WASHINGTON (Reuters) - Environmentalists on Monday applauded an announcement that U.S. President-Elect Barack Obama would consider curtailing oil and gas drilling in some areas, and expressed hope future energy policy decisions would contain more environmental protections.
The co-chair of Obama's transition team, John Podesta, said on Sunday that Obama probably would reverse an executive order by President George W. Bush allowing drilling in fragile lands in Utah.
Mike Daulton, legislative director of the National Audubon Society, said reversing the order would be a promising step away from the Bush administration's energy policy, which he called too slanted toward the oil industry.
"The Bush Administration's policies on drilling should be looked at line by line and there should be fundamental change," Daulton said.
Environmental groups urged Obama to reconsider allowing drilling in the Chukchi and Beaufort Seas off Alaska's coast, home to whales, polar bears and other Artic animals. They also said they hoped Obama will restrict development in certain lands open to drilling in New Mexico and Colorado.
Dave Alberswerth, senior policy advisor at the Wilderness Society, said even if Obama does not issue executive orders reversing Bush policies, his administration could choose not to issue leases in certain areas or issue leases with restrictions.
"Given the fact that there's this huge inventory of leased but undeveloped lands, you don't need to rush into opening these sensitive areas to oil and gas development to meet America's energy needs," Alberswerth said.
Environmental groups also said they hoped Obama would revisit Bush's offshore drilling policy.
Bush lifted the executive order banning drilling off U.S. coasts in July and Congress allowed the ban to expire in October. With the moratorium lifted, drilling can technically take place as close as three miles from U.S. coasts. Environmental groups hope Obama will provide more protection for the coasts.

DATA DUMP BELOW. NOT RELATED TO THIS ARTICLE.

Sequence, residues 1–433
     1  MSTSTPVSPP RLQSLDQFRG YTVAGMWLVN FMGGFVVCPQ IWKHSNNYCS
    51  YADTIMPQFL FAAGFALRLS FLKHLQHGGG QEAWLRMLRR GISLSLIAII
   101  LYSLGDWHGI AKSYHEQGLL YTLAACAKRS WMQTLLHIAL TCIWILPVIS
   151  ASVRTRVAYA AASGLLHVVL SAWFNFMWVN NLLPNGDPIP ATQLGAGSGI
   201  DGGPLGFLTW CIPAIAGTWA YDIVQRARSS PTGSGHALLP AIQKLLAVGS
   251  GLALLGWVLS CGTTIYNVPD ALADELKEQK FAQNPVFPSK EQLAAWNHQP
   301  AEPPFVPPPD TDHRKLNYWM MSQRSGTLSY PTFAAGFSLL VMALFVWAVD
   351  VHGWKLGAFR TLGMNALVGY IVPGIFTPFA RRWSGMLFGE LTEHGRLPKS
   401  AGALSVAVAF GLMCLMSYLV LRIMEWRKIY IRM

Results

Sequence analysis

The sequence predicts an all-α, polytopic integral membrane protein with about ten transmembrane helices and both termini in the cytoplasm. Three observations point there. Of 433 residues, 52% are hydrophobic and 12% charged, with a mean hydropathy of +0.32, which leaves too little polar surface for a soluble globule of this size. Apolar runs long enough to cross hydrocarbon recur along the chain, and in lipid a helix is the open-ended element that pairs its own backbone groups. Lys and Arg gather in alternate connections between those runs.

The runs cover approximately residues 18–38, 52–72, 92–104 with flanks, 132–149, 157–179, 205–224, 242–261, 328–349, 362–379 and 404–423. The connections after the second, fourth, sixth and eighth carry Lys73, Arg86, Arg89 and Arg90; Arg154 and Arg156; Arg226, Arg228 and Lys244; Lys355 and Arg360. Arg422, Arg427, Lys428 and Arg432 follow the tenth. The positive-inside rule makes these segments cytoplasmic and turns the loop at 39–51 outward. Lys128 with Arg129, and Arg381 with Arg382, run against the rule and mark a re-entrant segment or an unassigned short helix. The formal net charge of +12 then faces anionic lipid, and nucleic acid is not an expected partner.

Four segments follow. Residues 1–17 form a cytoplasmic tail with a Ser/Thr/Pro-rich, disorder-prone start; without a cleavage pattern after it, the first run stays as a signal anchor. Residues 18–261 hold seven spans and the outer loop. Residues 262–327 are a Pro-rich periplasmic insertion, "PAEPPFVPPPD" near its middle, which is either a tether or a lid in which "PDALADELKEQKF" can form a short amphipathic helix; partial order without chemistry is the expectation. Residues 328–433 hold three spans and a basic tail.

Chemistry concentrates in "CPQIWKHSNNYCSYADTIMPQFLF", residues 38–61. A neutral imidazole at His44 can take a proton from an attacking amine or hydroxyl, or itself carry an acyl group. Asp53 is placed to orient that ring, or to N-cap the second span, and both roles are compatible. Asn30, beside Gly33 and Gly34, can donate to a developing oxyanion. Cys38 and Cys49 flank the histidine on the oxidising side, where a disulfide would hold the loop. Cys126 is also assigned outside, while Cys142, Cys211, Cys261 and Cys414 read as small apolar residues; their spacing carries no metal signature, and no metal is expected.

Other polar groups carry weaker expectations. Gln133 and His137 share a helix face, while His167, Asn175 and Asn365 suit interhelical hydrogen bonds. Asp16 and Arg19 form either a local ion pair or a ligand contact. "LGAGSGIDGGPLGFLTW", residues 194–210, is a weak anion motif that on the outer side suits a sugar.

The House of Representatives passed a comprehensive energy bill that allowed offshore drilling 50 miles from the east and west coasts if states permitted it and completely opening areas more than 100 miles from the coast to oil exploration.
"That is a compromise, one would imagine, a new administration would carefully examine," said Daniel Weiss, a senior fellow at the Center for American Progress.
Members of the oil industry expressed concern about attempts to limit energy exploration on federal lands.
"We are hopeful that the new administration will be thoughtful enough to recognize that it would be a wrong to try and put back some of the drilling moratoria and deny American consumers access to their own oil and natural gas resources," said Karen Matusic, spokeswoman for the American Petroleum Institute.
Matusic called oil and gas production on federal lands essential to meeting America's energy demands and said the oil industry was committed to developing resources in environmentally sensitive way.
Reporting by Ayesha Rascoe; Editing by David Gregorio